5. Problems cause by coding data
Whilst coding data can bring many benefits it can also lead to some problems.
Coarsening of data
This means that during the coding process some of the subtle details in the data are lost.
Look at the image below:
The colours of the houses could be classed as:
Light pink, pale blue, black and mid blue
However, when these colours are coded they may become:
PK (pink), B (blue), BK (black), BE (blue)
In this case, no allowance has been made for shades of colour so the results from the above coding would end up as this:
The fine detail have been lost. This is what is meant by 'coarsening of data'.
Coding can obscure the meaning of the data
A reader seeing the 'gender' data as M/ F is pretty likely to know that it means Male/ Female.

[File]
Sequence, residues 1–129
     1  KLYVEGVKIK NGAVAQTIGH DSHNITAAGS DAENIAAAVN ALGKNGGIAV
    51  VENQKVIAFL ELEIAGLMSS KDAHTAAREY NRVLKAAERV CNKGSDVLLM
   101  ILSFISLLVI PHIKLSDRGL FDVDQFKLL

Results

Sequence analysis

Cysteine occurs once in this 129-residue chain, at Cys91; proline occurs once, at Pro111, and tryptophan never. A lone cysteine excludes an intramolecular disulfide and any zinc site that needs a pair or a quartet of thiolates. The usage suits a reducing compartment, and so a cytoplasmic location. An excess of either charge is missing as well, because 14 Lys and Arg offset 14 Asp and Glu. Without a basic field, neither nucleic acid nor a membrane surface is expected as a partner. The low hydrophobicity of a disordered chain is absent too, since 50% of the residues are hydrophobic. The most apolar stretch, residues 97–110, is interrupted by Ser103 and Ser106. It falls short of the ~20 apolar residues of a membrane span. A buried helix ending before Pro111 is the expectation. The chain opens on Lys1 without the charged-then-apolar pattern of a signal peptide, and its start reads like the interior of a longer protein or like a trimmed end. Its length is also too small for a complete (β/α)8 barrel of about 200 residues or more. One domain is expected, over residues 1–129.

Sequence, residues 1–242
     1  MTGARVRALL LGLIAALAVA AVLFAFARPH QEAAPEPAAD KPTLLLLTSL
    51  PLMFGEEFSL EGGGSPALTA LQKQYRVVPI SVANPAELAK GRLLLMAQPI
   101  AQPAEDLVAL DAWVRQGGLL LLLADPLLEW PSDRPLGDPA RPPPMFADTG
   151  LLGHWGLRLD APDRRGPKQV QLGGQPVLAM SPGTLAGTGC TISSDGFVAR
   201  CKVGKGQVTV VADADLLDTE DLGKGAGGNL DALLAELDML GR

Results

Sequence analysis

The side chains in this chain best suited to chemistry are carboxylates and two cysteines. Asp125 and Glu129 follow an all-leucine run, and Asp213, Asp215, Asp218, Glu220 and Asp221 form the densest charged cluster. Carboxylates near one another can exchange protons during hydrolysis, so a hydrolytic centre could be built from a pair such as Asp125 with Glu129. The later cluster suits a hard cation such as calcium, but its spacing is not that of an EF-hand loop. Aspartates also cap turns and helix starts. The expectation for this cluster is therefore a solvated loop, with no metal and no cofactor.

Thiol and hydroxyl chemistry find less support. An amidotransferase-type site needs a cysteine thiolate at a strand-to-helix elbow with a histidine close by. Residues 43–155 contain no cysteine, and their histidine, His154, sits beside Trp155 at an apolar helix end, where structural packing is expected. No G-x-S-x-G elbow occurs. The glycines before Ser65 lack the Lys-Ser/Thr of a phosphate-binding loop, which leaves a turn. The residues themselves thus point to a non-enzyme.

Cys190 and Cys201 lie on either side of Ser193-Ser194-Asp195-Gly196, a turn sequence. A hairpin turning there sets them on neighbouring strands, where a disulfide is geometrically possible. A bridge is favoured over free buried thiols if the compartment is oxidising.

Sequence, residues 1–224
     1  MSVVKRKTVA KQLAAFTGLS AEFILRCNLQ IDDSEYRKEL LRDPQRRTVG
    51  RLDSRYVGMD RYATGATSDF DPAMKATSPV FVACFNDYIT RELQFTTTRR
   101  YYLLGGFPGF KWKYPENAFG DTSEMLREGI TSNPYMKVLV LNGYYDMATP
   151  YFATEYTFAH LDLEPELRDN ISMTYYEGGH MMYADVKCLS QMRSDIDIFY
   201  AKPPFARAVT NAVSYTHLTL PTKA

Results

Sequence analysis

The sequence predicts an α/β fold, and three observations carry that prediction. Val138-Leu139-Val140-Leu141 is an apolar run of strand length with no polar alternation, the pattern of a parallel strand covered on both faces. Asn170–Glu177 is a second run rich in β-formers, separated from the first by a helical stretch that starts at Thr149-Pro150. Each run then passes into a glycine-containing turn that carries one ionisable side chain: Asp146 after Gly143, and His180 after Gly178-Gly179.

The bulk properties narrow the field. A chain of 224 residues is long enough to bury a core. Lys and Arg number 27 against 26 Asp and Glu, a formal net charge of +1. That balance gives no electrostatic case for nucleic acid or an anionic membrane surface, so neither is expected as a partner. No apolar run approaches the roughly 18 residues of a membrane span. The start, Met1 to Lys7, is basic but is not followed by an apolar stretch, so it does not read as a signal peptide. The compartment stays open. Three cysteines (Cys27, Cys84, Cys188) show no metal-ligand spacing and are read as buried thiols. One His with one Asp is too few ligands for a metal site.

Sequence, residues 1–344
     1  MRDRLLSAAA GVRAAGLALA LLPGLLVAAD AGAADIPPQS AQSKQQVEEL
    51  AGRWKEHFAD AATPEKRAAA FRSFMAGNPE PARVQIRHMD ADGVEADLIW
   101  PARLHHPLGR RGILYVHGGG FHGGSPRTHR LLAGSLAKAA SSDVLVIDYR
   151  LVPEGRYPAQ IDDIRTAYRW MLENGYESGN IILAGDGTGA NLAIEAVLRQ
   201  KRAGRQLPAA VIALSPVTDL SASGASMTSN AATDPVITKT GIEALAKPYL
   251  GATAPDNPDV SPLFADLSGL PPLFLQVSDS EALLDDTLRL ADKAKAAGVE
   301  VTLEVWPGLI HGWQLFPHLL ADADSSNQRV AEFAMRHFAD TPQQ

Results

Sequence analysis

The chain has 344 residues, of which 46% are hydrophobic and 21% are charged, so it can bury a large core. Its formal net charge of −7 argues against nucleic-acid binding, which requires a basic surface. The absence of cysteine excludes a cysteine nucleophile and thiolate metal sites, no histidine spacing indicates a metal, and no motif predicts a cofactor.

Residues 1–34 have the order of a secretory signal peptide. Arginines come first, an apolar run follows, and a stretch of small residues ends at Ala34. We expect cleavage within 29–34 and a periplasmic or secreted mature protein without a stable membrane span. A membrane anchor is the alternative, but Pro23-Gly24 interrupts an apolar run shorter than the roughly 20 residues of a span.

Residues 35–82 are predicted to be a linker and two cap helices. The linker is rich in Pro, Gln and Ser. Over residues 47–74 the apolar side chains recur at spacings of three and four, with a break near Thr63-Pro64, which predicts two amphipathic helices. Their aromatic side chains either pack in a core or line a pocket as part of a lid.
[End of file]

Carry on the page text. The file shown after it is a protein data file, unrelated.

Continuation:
But some codes are more obscure, for example the country code for Switzerland is CHE. Many people might not recognise what this code represents.
If you were given the code, 5679223 would you know what this represented? Have a search on the Argos site to see if you can find this product.
In order for the code to be useful, you need to be given a complete list of possibilities.
Coding of Value Judgments
When you are collecting data about people's opinions it might be difficult to code their answers with accuracy.
For example, you might you ask the question, "was that curry too spicy?". Your plan is to give their answers a code from 1-4 with 1 being mild to 4 being 'blow your head off'. However, what is spicy to one person will be mild to another. The code they give will depend on their individual opinion.
Coding of value judgments will inevitably lead to coarsening of the data since there will be a wide range of opinions that could be held and only a limited number of codes available.
Challenge see if you can find out one extra fact on this topic that we haven't already told you
Click on this link: Coarsening of Data
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